3) Emotional projection: Therapy and play with the doll enable the child to project their emotions onto it. Engaging in play itself has therapeutic qualities.
The program was developed during the Second Lebanon War by Dr. Shai Chen Gal and Professor Avi Sadeh. Starting from Operation Cast Lead in 2010, the Ministry of Education, in collaboration with Eshel and other organizations, adopted the project and implemented it among tens of thousands of children in the south.
"The biggest advantage of the therapeutic intervention 'Hibuki' is that we can reach thousands of children in a short period of time, without the need for a wide treatment system to operate it," explains Chen Gal. "We conducted research among children who experienced trauma from war and found that 60%-70% of the children who received Hibuki showed less anxiety and distress compared to children who did not receive the doll."
"Hibuki also resulted in a decreased need for additional treatment. Our findings indicate that the extent of treatment with the doll directly influences the reduction of anxiety and distress. The more the child interacts with the doll, the less anxious they become. Currently, this intervention is the only one in the world that can be efficiently implemented for thousands of children in a short period of time, and its effectiveness is scientifically proven," according to Chen Gal.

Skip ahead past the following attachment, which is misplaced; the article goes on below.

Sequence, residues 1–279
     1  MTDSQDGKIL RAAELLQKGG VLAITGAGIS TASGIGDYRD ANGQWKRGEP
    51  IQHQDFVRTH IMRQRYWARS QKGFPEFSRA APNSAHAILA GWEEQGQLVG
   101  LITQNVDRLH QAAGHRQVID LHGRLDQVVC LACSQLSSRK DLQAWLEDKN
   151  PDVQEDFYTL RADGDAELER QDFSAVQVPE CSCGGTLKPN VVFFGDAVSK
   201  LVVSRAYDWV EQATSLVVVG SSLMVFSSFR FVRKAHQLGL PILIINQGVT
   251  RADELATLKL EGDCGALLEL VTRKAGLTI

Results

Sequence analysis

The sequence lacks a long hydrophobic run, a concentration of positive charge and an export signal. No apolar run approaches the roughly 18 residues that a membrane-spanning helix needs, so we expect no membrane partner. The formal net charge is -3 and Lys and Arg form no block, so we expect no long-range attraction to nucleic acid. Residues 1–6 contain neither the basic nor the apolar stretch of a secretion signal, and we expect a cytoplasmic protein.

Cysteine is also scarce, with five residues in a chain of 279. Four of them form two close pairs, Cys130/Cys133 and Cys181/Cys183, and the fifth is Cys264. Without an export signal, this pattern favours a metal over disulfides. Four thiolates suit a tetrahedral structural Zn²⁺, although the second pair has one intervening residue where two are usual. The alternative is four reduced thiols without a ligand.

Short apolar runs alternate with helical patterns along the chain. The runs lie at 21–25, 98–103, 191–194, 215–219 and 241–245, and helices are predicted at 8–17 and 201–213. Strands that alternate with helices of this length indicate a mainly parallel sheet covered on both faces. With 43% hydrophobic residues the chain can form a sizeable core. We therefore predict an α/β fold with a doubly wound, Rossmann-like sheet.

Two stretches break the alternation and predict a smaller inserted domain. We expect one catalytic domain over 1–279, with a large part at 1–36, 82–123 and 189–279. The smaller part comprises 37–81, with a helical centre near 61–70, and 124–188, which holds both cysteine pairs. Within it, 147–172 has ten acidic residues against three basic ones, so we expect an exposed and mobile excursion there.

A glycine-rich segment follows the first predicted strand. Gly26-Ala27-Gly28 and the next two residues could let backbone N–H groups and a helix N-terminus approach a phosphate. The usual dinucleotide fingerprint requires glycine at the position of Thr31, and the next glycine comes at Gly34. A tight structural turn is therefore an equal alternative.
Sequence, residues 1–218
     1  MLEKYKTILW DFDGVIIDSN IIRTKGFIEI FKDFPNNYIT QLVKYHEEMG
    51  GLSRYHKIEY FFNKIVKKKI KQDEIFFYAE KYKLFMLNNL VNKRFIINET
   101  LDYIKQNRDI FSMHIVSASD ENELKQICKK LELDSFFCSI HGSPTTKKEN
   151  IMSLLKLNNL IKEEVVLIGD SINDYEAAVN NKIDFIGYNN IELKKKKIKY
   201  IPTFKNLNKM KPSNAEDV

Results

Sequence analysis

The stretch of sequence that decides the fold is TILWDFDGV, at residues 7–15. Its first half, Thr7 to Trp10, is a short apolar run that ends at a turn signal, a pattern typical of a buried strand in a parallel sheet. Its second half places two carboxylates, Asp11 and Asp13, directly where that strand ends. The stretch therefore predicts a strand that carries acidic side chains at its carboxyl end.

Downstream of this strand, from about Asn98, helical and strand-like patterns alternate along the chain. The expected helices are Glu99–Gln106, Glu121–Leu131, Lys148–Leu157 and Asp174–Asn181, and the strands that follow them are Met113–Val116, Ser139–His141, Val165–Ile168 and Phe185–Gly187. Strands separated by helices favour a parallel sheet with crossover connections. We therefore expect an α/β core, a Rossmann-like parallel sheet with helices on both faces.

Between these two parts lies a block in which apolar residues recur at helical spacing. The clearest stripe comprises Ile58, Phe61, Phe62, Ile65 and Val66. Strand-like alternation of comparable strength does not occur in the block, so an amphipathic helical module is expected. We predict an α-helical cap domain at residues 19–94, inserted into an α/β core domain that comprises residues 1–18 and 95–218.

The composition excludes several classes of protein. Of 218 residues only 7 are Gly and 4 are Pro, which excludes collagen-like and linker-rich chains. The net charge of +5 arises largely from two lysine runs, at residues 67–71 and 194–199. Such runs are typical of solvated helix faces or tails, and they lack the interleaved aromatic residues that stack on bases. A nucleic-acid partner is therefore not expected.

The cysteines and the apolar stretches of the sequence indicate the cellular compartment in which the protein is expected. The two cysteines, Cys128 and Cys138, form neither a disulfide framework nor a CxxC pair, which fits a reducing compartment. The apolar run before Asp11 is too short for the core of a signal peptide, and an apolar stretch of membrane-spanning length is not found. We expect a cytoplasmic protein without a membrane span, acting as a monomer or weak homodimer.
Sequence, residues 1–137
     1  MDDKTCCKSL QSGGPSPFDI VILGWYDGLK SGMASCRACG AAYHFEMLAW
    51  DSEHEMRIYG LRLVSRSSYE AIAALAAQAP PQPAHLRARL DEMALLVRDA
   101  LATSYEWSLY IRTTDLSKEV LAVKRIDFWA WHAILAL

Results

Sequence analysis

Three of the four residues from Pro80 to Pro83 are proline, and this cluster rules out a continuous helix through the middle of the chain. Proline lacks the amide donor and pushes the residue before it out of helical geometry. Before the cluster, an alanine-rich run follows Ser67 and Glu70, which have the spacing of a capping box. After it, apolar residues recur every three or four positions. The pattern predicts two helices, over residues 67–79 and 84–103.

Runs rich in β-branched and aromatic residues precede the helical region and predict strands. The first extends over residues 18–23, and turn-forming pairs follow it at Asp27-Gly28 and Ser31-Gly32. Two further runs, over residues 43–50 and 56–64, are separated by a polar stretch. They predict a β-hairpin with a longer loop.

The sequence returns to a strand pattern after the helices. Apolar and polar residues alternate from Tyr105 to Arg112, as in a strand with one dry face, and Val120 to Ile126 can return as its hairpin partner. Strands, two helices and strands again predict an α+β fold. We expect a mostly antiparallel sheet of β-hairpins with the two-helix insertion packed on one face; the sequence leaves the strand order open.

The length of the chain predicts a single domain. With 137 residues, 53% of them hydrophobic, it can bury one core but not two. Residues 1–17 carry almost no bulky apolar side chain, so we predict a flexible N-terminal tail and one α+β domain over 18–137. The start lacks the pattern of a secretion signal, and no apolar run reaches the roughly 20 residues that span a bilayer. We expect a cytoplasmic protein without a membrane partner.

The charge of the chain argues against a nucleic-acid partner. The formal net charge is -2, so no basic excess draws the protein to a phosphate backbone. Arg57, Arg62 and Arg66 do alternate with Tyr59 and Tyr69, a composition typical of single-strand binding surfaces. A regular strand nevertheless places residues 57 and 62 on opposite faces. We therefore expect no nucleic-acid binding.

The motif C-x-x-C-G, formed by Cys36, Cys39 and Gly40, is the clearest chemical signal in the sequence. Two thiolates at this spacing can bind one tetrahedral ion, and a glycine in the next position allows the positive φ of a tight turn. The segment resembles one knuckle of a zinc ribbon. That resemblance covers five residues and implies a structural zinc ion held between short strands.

Hibuki has gained international recognition for its effectiveness in helping children who have experienced traumatic events. The impact of the doll has been observed in various locations around the world. "After the tsunami in Japan, the project was launched there, providing treatment to hundreds of children and training staff members. During the war in Ukraine, over 900 professionals were trained, and nearly 20,000 children received the therapeutic doll," the doctor said.
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חיבוקי פרויקט ילדי עוטף מפונים
חיבוקי פרויקט ילדי עוטף מפונים
Hibuki among the ruins
"Studies conducted in Ukraine also demonstrated the effectiveness of the intervention in reducing distress. Additionally, following an invitation from a Turkish organization called Mayavakfi, I traveled to southeast Turkey after an earthquake, where approximately 300 children received the doll. Similar to Ukraine, the children in Turkey continue to benefit from the care provided by Hibuki to this day," he explained.
Last week, Dr. Chen Gal visited hotels in Eilat and the Dead Sea to provide the Hibuki intervention program for children from Gaza border-area communities.